Saturday, March 12, 2011

Phoenix-area foreclosures still dominate home resales, study says

The Phoenix-area housing market remains incapable of moving on from a devastating crash in home values that began about five years ago, according to new home-resale data from Arizona State University.

Jay Butler, an associate professor of real estate, was author of the report on home-resale activity, released Wednesday. The report said the long delay in market recovery was a two-pronged monster. The first issue relates to unresolved problems from the housing market's past. The second concerns more recent economic challenges, such as job losses and relatively stagnant population growth.

Among the 8,565 single-family home-resale transactions in February, 3,650 were foreclosures, Butler's report said.

Of the 4,915 non-foreclosure transactions, 40 percent of those were resales of recently foreclosed-on homes.

Foreclosure-related activity represented about two-thirds of the market transactions in February, said Butler, of ASU's W.P. Carey School of Business.

Overall, resale-related activity was up slightly from a year earlier, the report said, with 7,925 transactions overall, including 3,305 foreclosures and 4,620 home resales.

The median price for single-family homes resold in Maricopa County in February was $127,500, a boost from the January median resale price of $125,000 but down from last February's $140,000 median.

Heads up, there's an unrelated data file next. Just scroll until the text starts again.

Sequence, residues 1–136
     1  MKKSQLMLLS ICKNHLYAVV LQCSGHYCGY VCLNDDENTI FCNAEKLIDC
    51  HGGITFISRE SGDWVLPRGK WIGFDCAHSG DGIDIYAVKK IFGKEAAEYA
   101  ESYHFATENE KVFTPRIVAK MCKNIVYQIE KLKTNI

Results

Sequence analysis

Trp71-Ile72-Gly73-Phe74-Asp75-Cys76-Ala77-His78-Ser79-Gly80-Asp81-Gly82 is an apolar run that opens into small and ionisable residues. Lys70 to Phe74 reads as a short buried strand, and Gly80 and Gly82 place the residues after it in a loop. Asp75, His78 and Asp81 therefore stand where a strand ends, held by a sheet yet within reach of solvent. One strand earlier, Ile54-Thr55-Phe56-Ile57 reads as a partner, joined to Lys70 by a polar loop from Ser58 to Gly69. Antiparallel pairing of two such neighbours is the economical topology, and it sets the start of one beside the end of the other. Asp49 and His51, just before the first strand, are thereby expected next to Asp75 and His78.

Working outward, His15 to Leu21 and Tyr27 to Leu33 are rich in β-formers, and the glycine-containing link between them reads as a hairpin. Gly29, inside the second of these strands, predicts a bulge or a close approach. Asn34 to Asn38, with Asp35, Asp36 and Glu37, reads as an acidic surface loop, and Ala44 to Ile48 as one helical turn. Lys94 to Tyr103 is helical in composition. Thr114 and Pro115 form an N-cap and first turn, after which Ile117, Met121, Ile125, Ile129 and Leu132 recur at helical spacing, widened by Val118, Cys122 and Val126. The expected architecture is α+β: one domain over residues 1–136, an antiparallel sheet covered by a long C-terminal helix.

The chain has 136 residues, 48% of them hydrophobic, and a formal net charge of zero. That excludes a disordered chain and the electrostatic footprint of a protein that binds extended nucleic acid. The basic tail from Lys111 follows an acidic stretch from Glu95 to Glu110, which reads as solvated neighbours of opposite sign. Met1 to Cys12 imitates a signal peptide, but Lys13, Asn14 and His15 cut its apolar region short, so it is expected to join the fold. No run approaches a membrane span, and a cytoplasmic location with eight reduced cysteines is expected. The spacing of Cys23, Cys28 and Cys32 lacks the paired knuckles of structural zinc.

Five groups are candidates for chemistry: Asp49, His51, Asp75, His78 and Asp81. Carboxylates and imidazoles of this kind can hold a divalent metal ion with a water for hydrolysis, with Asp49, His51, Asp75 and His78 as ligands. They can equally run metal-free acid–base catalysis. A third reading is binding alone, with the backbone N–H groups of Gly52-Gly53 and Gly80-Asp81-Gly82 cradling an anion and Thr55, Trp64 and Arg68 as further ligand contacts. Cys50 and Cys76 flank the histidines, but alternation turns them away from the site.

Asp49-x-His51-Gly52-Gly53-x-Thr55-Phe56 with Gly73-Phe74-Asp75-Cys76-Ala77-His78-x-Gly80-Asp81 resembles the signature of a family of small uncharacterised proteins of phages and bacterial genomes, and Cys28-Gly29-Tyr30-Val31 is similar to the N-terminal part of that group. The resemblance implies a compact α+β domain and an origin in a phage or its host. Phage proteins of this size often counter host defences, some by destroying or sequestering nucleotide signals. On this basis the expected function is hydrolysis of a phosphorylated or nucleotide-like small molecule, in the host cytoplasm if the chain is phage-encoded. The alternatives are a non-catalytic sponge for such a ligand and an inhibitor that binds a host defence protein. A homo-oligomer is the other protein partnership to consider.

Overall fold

Butler also tracks the townhouse and condominium market, which experienced 580 foreclosures in February, up from 500 foreclosures a year earlier.

There were 880 townhome and condo resales, compared with 800 in February 2010; the median resale price was $75,000 - a considerable drop from the February 2010 median price of $95,000.

In the final months of 2010, foreclosures in the single-family home-resale market had come to represent only 30 percent of all transactions, Butler said, offering a ray of hope that foreclosure activity may be tapering off.

But in January that rate shot up to 4 percent, and Wednesday's report showed little change in February.

"We've all been watching to see if the foreclosure rate in late 2010 would carry over into this year, but unfortunately, the good news hasn't come yet," Butler said.

He added that 2010 ended under an unusual set of circumstances, including temporary foreclosure moratoriums, legal challenges to the foreclosure process, and weak economic and job recovery.

"The fundamental uncertainty now is whether the initial months of 2011 represent just a short-term response as the pipeline unclogs after the foreclosure moratoriums, or if it's a continuation of a market being dominated by foreclosures," Butler said.

by J. Craig Anderson The Arizona Republic Mar. 10, 2011 12:00 AM

Phoenix-area foreclosures still dominate home resales, study says

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